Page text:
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New Rig

Discussion in 'General Gaming' started by PsychoticLeprechaun, Sep 19, 2015.

  1. PsychoticLeprechaun

    PsychoticLeprechaun Designer & Web Developer

    • Dev Member
    So, I finally got round to updating my rig. My original set-up was pretty decent, and to be honest the CPU is solid even in 2015, but the graphics card wasn't up to the challenge of new games. I have shifted from just playing games to development, so I needed something a bit beefier on the productivity side too.

    I donated my old rig to my family (who actually had no functioning computer), got them hooked on Ubuntu and Libre Office (screw shelling out £200 for Microsoft Windows and Office) and have moved on to newer pastures for my own gaming and development needs.

    I hear you all crying "shut up blabbering and give specs", or maybe I don't and I'm just too excited to show off the rig that I want to hear that. Nonetheless I will heed that request and link you to the spec list on PCPartPicker.

    I'm really excited to try out this new rig. My plan is to go the Linux route with it, so it will have Ubuntu 14.04.3 to start with (nothing so far in 15.04 or 15.10 inspire me to go for them except the newer kernel, but 14.04 got 3.19 passed back to it in the LTS enablement stack, sooo may as well go for stable, and up-to-date where I need it).

    However I am considering putting a vanilla Linux kernel on it, as having 4.2, perhaps 4.3 by the time the rig is ready, will let me do something I want to do more easily with my new rig. I want to see if I can create a VM with Windows on it (not decided which Windows to go for yet, but I have a Win7 disk somewhere, so might just stick to that) and see about finnicking with it to let me pass certain hardware directly into it (i.e. have a VM with a 100% performing GPU). It may not work, but damned if I won't try - I want my 970 to let me play Skyrim, and soon Fallout 4 at the best it can!

    The rig is set up! The pictures of the rig, if people want to check them out, are here. My overall set-up; here.
    Last edited: Oct 3, 2015
    PsychoticLeprechaun, Sep 19, 2015
    Last edited by PsychoticLeprechaun; at Oct 3, 2015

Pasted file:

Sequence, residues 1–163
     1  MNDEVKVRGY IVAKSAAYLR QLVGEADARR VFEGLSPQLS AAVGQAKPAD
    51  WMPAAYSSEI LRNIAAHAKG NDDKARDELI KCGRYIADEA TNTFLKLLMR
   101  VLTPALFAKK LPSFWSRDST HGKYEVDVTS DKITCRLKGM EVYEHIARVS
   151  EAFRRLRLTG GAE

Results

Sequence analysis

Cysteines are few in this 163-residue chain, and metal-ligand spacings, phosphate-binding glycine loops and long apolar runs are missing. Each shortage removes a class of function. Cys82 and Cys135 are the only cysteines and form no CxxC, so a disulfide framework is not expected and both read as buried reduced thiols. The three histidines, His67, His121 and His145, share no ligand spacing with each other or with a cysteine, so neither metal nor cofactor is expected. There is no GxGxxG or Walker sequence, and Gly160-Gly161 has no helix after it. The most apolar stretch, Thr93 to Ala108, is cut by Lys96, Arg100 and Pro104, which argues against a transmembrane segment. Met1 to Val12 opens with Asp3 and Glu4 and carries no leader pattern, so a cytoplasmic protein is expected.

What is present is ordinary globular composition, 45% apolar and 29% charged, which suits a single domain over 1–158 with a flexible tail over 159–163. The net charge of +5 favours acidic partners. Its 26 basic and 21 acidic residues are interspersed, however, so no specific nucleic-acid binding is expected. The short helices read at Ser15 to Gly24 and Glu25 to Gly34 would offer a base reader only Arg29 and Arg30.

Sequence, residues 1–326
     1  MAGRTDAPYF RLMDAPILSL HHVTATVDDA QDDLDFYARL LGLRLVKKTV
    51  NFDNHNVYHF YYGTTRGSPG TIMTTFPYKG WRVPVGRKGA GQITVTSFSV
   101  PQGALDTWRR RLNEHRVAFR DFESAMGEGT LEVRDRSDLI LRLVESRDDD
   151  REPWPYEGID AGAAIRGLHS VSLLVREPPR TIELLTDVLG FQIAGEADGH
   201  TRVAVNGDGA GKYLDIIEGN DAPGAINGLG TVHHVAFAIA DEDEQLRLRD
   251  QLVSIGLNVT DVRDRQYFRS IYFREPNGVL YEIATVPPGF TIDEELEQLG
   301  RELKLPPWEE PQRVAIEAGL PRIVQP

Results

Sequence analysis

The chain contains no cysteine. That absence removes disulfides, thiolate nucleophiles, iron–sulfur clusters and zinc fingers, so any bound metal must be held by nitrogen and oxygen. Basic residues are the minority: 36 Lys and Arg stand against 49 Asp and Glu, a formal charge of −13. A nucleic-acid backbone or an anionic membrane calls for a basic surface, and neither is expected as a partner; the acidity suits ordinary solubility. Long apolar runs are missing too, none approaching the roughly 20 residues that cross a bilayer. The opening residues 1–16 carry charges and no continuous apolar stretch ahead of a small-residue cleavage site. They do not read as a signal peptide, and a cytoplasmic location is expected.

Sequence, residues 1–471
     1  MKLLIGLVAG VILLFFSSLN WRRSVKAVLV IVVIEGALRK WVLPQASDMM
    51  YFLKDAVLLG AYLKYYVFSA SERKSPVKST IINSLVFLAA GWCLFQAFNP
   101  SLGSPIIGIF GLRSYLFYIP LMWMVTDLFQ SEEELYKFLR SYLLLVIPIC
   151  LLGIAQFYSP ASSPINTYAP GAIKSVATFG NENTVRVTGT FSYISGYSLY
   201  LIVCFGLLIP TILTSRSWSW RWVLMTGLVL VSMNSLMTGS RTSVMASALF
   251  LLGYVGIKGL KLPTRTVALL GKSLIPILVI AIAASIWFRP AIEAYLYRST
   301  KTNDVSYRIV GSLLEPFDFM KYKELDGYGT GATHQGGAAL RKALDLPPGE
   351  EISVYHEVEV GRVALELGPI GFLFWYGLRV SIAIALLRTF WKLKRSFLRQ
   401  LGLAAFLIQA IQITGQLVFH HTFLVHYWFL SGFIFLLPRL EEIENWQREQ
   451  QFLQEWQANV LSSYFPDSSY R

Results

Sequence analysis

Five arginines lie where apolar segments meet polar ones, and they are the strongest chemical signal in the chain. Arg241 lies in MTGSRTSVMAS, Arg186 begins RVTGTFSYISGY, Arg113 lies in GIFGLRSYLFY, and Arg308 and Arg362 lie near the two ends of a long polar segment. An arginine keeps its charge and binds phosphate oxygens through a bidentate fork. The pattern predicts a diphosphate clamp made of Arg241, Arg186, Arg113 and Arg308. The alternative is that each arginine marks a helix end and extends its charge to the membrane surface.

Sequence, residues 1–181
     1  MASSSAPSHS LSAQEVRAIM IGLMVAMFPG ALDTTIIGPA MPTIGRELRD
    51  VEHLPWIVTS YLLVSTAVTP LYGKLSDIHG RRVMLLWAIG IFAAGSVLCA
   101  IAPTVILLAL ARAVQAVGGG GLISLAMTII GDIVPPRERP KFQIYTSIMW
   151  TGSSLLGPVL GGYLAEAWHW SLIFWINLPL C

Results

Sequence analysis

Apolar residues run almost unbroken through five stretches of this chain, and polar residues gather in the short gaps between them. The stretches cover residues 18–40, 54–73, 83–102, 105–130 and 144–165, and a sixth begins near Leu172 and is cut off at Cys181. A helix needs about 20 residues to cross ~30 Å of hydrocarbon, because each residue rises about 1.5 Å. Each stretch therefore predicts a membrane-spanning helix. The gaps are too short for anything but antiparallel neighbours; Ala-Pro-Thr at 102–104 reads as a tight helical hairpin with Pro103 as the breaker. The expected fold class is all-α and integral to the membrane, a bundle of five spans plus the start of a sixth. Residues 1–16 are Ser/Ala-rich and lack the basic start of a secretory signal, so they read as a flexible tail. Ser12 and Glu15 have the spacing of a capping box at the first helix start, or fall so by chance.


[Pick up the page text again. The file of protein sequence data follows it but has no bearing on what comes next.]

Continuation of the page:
#1
  2. Gingy

    Gingy Back Into Space

    • Member
    I like. :3

    It's also nice to see another Linux user (since I'm horrible about keeping up with the community and have no idea who all on here does and doesn't use Linux yet). Please let me know if you get your virtual machine idea to work, because it's such an amazing idea that I may or may not want to try it

    As for the specs themselves, I obviously don't have any complaints. I'm just curious about some of the choices, such as the 6th gen i7 and 8GB of RAM.
    ColdFuseon likes this.
  3. joppiesaus

    joppiesaus Infamous Space-Octopus

    • Member
    Nice build.
    I see that 8 GB RAM is still very common. That was two-three years ago the same case. MOORE STEP IT UP PLEASE.
    Though I have 16 GB RAM which I purchased mid 2013. I had an awesome CPU(I think I'll be rocking my 3570k a long time), and a horrible GPU(it was old and cheap the time I bought it). Knowledge is everything!
    I doubt that the CPU world is going to make amazing improvements the couple of years. I doubt if the software is becoming more CPU intensive, either.

    I also note that there are quite a few GNU/Linux users out here. I use it too, I love it. I don't use it always because of the support and that I grew up with Windows. I still don't know how to call it, Linux or GNU/Linux.

    Oh and don't forget to install Tux Racer on your new Rig. It's really fun, especially when bored.
    ColdFuseon likes this.
  4. PsychoticLeprechaun

    PsychoticLeprechaun Designer & Web Developer

    • Dev Member
    Linux does the job for name - easier to type!

    The 8GB choice was for a very good reason: 16GB has little to no performance impacts in daily use, and I have yet to max 8GB in hard usage. That on top of the fact a dual channel 16GB solution is exactly twice the price of a dual channel 8GB solution for DDR4 means that for the sake of not going overboard on price, it was worth just going for 8GB.
    ColdFuseon and joppiesaus like this.
  5. PsychoticLeprechaun

    PsychoticLeprechaun Designer & Web Developer

    • Dev Member
    I'll be sure to give some updates as I try it out! I have a decent feeling about it, but there will be some difficulties as NVidia has a tendency to muck up when it comes to VMs.
    ColdFuseon likes this.
  6. Sevio

    Sevio Back Into Space

    • Member
    I've been running my setup with the OSes the other way around for years: Currently running Windows 10 as the main OS with a VMWare Player virtual machine running Gentoo Linux. I would like to be running Linux as the host OS, but as far as I've been able to figure out in the past, getting full 3d acceleration for a virtual machine guest is not a thing unless you do some complicated pure hardware pass-through using the Xen hypervisor, which leaves the host without a graphics card to render on. It could render on a second graphics chipset, like the integrated one that most intel CPUs have these days, but it would be a hard divide between two monitors.

    Ultimately access to the widest possible spectrum of games without fuss is a bit more important to me, so I settled for windows as the host OS. I'd be interested to hear about it if there has been any development on this front on the driver and virtual machine side of things though. :)

    As for RAM and playing games, there are so far only two things I know of that will push RAM usage beyond 6 GB (taking 2 GB into account for my linux virtual machine) and slow my computer down to a crawl:
    1. A future heavily modded Kerbal Space Program installation (currently only possible on linux but soon with the upcoming 1.1 update, on windows as well)
    2. ARK: Survival Evolved + ARK Dedicated server + 2 GB linux Virtual Machine - I've had to get my co-op friends to run dedicated servers for us instead as they have 8 GB as well but not a 2GB virtual machine. :p
  7. joppiesaus

    joppiesaus Infamous Space-Octopus